BHA, AHA, PHA: what’s the difference?

If you are not familiar with acids, you may be wondering what is the point of using them? You should know that the skin is made up of a large number of skin cells which are renewed over a cycle of approximately one month. During this month, these cells accumulate and gradually rise to the surface of the skin. Result: the complexion becomes dull, the skin texture thickens, the pores become clogged and desquamation may appear (small patches of skin that peel). This is where chemical exfoliation comes in! Regular exfoliation accelerates the phenomenon of cell renewal while getting rid of dead skin cells. The result: a more regular skin texture and better collagen production,

Two types of exfoliation exist mechanical exfoliation and chemical exfoliation. Mechanical exfoliation is what is more commonly referred to as a scrub. It is very often composed of “grains” which will exfoliate the skin by the action of friction against the skin. The risk with this type of exfoliation is to damage your skin barrier and to sensitize your skin in the long term. In the case of chemical exfoliation, these are active ingredients that penetrate deeper into the skin to remove dead cells without you having to “rub” your skin.

AHA, BHA, PHA are chemical exfoliators but what’s the difference? All of these components are called hydroxyl acids (by their scientific name) but they fall into 3 categories.

AHA ( Alpha Hydroxy Acids)

 In the case of AHAs, there are several types of acids, the most famous are:

 Glycolic acid :

Of all the AHAs, glycolic acid (which comes from sugar cane) is the most effective. As it is an active ingredient that has a small molecular size, it penetrates the skin in depth to better exfoliate it. It has a visible effect on the skin texture and the radiance of the complexion. It also helps regulate sebum production. It is one of the flagship acids of our peeling mask, the face mask which renews cells without attacking the skin barrier.

Lactic acid :

Resulting from the fermentation of milk or certain fruits, it is one of the mildest acids which will correspond perfectly to the most sensitive skin. Its properties allow it to promote good hydration maintenance of the skin. It is also found in our peeling mask to complement the action of glycolic acid and give a boost to dull complexions.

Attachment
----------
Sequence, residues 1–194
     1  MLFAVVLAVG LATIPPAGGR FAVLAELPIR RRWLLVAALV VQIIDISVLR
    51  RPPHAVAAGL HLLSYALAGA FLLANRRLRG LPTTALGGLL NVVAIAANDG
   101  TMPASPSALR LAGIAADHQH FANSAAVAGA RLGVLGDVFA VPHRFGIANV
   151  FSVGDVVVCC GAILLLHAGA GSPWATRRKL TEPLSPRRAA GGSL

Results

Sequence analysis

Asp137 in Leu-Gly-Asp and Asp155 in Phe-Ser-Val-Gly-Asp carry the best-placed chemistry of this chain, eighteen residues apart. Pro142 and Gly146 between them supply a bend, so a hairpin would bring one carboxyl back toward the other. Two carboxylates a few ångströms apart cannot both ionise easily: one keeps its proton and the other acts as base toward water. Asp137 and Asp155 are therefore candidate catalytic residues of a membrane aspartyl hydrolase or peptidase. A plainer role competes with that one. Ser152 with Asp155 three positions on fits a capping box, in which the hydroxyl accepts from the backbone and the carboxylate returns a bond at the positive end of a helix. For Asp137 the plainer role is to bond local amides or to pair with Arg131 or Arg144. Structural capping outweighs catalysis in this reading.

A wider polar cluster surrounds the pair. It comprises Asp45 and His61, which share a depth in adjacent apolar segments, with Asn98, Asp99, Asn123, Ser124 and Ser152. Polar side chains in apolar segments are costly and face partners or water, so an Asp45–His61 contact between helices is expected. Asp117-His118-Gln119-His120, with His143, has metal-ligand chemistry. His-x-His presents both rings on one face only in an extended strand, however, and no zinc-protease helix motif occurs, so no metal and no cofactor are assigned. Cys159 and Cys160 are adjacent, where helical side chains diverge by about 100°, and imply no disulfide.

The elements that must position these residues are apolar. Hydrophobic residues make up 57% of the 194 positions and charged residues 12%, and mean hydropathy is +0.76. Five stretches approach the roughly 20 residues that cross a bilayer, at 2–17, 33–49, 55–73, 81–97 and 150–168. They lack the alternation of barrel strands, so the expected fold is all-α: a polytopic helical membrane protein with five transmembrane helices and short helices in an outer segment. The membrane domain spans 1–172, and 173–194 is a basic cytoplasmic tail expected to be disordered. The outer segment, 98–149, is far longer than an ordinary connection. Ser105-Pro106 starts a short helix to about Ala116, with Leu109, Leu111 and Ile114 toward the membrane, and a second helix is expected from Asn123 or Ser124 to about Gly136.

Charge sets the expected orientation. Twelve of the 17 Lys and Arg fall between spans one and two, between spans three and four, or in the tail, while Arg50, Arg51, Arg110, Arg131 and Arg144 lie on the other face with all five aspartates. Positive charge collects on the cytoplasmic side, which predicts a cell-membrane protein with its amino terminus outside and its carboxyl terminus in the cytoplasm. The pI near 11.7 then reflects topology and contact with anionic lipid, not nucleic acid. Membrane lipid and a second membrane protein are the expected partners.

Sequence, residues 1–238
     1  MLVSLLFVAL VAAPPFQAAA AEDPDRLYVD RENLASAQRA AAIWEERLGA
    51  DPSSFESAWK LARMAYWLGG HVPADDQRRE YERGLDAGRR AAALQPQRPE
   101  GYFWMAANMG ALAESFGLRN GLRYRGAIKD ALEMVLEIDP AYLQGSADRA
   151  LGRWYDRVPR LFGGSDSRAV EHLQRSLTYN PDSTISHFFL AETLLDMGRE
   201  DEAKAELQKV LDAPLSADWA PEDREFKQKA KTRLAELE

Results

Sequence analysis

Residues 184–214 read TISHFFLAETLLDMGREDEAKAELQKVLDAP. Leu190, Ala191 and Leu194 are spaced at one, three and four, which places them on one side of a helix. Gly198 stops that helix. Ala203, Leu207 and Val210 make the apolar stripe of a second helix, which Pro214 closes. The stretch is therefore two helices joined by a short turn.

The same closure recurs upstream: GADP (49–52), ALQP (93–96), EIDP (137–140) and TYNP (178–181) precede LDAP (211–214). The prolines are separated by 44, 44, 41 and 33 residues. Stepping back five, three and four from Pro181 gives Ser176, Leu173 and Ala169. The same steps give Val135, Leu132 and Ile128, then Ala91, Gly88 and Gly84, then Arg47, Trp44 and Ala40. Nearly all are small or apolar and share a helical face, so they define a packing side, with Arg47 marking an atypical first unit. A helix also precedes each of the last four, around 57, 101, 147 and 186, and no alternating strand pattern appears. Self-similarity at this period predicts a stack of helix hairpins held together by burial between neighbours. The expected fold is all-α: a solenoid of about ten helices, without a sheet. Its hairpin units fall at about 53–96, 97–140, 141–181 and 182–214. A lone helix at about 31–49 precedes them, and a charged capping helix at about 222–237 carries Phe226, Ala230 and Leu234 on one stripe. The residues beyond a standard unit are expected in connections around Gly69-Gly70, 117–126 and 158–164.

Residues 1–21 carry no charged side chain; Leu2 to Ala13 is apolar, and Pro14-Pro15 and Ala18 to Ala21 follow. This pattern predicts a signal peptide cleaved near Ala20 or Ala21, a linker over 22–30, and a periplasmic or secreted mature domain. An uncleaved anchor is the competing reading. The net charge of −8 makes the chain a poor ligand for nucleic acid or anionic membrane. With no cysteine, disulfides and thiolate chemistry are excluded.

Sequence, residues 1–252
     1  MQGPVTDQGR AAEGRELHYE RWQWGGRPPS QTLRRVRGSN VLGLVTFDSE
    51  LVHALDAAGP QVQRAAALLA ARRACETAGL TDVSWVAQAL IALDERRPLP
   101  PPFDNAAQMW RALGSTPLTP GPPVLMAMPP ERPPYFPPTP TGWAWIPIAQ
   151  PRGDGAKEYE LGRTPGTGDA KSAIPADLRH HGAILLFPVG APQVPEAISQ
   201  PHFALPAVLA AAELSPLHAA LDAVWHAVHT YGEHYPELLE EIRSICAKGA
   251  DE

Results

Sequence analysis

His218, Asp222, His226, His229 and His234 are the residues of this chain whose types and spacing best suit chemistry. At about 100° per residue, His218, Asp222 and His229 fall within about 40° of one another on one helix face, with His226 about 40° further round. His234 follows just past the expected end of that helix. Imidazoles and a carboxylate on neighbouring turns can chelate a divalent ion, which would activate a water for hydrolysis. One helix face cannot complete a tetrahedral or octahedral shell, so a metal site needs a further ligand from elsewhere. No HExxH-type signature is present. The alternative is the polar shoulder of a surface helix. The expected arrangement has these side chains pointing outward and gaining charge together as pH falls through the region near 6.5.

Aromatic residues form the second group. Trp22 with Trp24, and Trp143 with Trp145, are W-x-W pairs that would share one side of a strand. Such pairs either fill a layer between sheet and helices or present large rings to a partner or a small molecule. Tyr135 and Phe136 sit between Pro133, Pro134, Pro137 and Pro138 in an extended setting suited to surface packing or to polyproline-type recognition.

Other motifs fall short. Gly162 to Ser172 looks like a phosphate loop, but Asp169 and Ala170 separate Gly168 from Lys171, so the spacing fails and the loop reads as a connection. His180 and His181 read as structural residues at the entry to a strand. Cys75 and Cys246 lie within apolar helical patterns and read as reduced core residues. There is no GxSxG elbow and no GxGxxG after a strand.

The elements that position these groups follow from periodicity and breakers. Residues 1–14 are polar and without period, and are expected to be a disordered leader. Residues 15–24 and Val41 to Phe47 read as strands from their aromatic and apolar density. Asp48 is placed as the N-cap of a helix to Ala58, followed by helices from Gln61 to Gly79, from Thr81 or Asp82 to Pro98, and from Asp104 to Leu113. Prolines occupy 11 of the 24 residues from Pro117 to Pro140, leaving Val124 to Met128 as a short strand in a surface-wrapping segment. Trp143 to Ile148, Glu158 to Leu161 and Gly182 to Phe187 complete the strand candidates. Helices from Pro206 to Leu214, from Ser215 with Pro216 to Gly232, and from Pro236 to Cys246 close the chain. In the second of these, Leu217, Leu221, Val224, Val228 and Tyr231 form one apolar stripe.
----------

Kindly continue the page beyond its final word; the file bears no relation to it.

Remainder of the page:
Mandelic acid :

Coming from almonds, this acid penetrates less deeply into the skin and acts more on the surface, which reduces all possible risks of irritation. It also helps to reduce hyperpigmentation (mainly spots) and even out the complexion.

BHA (Beta Hydroxy Acids)

Salicylic acid

Salicylic acid is the best known BHA. It is generally used in its synthetic form. It has a targeted action on comedones (blackheads) and allows them to be dissolved effectively. It is more suitable for combination to oily and acne-prone skins that require a smoother surface.

PHA (Poly Hydroxy Acids)

PHAs are a group of acids with a larger molecular size: they penetrate less deeply into the skin and are therefore ideal for skin with certain skin conditions (eczema, rosacea, dryness, etc.). Among them, we find:  

Lactobionic acid :

Derived from lactose, it is hydrating, antioxidant and soothing. It is a particularly suitable ingredient for dry, parched or dehydrated skin since it is non-irritant.

Pro Tip: Don’t forget to apply sunscreen well if you are using exfoliating acids. Indeed, they tend to be photosensitizing and therefore react in contact with UV rays. This can cause the appearance of spots. You just need to choose the acids that are most suitable for your skin.

Now we hope you understand the benefits of chemical exfoliation and start using it in your routine accordingly (if you haven’t already). To accompany the use of exfoliating acids, we also advise you to practice a double daily cleansing

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